Vickie Lynn as First Witch by Norvis Daryl, 1980. Courtesy of the artist and Nicola Vassell Gallery

GG: We don’t typically see short films screened in the white cube, how do you juggle the identities of filmmaker and fine artist?

TN: When I was in the MFA program, one of my advisors, Sue de Beer, saw something I was cutting together and she turned to me and said, “You need to decide if you want to be a filmmaker or an artist.” Initially, I was really offended and it’s taken me almost 20 years to understand the wisdom of the question. I’m not concerned with titles, I want to be in the practice of withdrawing energy from making a decision about my identity as an artist based on medium or media affiliation. I want to be in the present with whatever is coming through on a project and make a decision essentially based on geography — it’s a matter of where people will find themselves and how people will experience it. 

Ultimately, that’s a naive thing to say because of the deep industrial system that impacts the arts, specifically cinema. One thing I’ve found is that it helps to be in a relationship with continuous practice so that you feel a facility that brings about ease. It’s an infinite question and I don’t think there’s an answer or resolve, but there’s definitely a balance. I think of the image of a tightrope walker oscillating, that’s what’s happening — an oscillation between day to day practice. 

GG: Speaking of an infinite question, do you feel as though mysticism informs your work at all? 

TN: Well, what’s your definition of mysticism?

GG: I want to avoid falling into the territory of any specific spiritual practice, so lets say: something all encompassing or evergreen. 

TN: I actually haven’t used the word too much but what it’s bringing me to is the idea of a person called a “mystic,” someone who has a regular practice of going outside of a modernist, material-centric world and goes to an opaquely errant, mysterious and elemental based mindset; someone in conversation with the ethereal realms. I want to conceive of myself as a mystic in my day to day practice, but that’s very difficult because it’s not a typical industrial archetype.

Installation view, Univitellin, Terence Nance. Courtesy of the artist and Nicola Vassell Gallery. Photo by Lance Brewer

GG: In Univitellin, there’s a moment when your characters reference certain things which shouldn’t be filmed or rather, can’t be documented properly — do you personally align with this idea? 

TN: I do. I think there are images that shouldn’t be made. I don’t know if anything can’t be filmed. I think most centuries of experience came to be expressed by film but the question is: how accurately did they depict the embodied experience they’re referencing?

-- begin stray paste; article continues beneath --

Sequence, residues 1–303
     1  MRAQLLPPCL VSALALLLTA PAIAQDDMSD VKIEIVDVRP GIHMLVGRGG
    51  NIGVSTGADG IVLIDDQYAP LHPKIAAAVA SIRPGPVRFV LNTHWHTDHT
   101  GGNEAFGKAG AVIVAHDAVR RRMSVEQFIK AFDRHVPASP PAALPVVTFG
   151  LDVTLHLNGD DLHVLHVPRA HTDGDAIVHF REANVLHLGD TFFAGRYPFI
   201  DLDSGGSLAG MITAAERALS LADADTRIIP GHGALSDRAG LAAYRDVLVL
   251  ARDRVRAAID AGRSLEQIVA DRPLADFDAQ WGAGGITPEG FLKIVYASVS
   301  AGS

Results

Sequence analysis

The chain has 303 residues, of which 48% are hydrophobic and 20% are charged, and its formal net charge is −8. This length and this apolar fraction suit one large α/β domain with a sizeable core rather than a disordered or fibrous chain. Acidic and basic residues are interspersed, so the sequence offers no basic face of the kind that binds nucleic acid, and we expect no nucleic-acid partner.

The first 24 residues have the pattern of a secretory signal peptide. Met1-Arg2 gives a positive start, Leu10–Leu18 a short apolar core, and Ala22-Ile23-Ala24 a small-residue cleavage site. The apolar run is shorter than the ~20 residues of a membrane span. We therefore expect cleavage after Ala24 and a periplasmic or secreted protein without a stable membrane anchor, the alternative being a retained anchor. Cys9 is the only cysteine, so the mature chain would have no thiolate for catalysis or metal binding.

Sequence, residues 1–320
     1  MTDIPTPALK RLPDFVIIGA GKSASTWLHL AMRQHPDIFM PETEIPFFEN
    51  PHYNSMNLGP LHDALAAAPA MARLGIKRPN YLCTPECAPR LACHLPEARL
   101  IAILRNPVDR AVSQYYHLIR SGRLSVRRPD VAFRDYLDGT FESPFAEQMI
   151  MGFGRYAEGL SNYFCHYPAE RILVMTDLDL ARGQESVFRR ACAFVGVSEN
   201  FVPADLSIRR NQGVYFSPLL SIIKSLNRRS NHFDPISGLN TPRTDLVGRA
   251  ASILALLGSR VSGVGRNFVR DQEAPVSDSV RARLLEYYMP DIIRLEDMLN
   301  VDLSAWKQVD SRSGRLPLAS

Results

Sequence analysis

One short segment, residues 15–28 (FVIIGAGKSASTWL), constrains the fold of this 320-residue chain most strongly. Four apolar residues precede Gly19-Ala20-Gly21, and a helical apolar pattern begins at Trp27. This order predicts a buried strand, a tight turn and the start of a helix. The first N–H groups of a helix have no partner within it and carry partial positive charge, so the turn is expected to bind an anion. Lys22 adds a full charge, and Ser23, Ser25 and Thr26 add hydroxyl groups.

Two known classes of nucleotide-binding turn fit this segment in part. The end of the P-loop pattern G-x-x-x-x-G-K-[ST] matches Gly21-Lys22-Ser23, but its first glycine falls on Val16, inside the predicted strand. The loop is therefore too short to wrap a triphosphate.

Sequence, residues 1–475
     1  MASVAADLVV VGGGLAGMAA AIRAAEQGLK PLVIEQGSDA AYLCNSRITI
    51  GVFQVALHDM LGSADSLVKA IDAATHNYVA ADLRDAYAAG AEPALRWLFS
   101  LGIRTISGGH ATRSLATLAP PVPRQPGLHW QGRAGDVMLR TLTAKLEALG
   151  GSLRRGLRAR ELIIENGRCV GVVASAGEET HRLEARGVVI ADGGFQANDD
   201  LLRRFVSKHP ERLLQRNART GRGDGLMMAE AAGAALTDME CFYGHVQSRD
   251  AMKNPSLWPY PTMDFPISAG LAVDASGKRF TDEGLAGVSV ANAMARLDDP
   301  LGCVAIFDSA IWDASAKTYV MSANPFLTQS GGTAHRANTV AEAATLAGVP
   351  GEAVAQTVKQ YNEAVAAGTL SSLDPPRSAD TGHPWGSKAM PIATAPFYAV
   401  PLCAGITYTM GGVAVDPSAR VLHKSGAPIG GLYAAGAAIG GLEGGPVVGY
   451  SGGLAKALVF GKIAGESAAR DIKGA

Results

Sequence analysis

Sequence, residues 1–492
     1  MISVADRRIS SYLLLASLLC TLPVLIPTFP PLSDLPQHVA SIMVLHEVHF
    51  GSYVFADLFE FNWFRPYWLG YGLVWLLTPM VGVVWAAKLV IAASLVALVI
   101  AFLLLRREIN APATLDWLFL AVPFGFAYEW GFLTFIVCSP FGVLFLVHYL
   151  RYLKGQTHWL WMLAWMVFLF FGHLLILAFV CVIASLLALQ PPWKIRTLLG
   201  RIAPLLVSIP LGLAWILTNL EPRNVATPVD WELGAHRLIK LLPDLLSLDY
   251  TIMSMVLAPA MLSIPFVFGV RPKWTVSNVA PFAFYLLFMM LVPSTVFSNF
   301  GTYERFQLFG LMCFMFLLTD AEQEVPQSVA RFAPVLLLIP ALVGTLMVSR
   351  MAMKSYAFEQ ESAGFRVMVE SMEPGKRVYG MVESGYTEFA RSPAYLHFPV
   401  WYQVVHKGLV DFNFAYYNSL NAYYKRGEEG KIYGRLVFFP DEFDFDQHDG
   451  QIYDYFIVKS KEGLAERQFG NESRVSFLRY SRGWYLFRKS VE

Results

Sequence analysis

GG: In the film, you write that Hip-hop is one of those phenomena that can’t be properly expressed through cinema, can you explain? 

TN: I think pretty across the board, the expressive feeling of Hip-hop and how we experience Hip-hop, in whatever way you understand it, is untapped. Cinema hasn’t figured out how to translate certain modalities of expression that Hip-hop possesses. 

Installation view, Univitellin, Terence Nance. Courtesy of the artist and Nicola Vassell Gallery. Photo by Lance Brewer

GG: Interesting point, so what’s your relationship to realism in your practice?  

TN: I think the meta-quality of French New Wave Realism and its habit of reminding you, at some point in the movie, that you are watching a movie is an effective method for bringing an audience to awareness of the material. That’s something I use in my work because it’s a hypnosis trick. It’s the moment in the magic show that the magician tells you, “you’re safe now, but at one point I’m going to lie to you,” and then they can easily lie to you because they’ve positioned themselves as honest enough to tell you that they’ll manipulate the viewer at some point.  

Thinking about ethnographic propaganda, there’s an intense distrust of camera and cinema as a colonial practice and fascist product so I think it’s really important to have disclaimers. There should be a disclaimer before Mission Impossible that says, “This is going to frame espionage as a heroic endeavor to further American Imperialism.” 

GG: Most of your films present time through a distortion of sorts, why do you reject chronology and what does multiplicity have to do with it?

TN: I mean, who made time up? Sylvia Windsor talks about cosmology and astronomy being a universally orienting field in the sense that all earthbound beings observe the stars and the stars are all doing the same thing in synchrony. The sun is coming up and going down for everyone. So the best way for me to understand the thing called time, is through astrological movement.

GG: Okay, one last simple question, how do you make a film? 

TN: You don’t make a film, you receive an offering.

Installation view, Univitellin, Terence Nance. Courtesy of the artist and Nicola Vassell Gallery. Photo by Lance Brewer

Written by Gwyneth Giller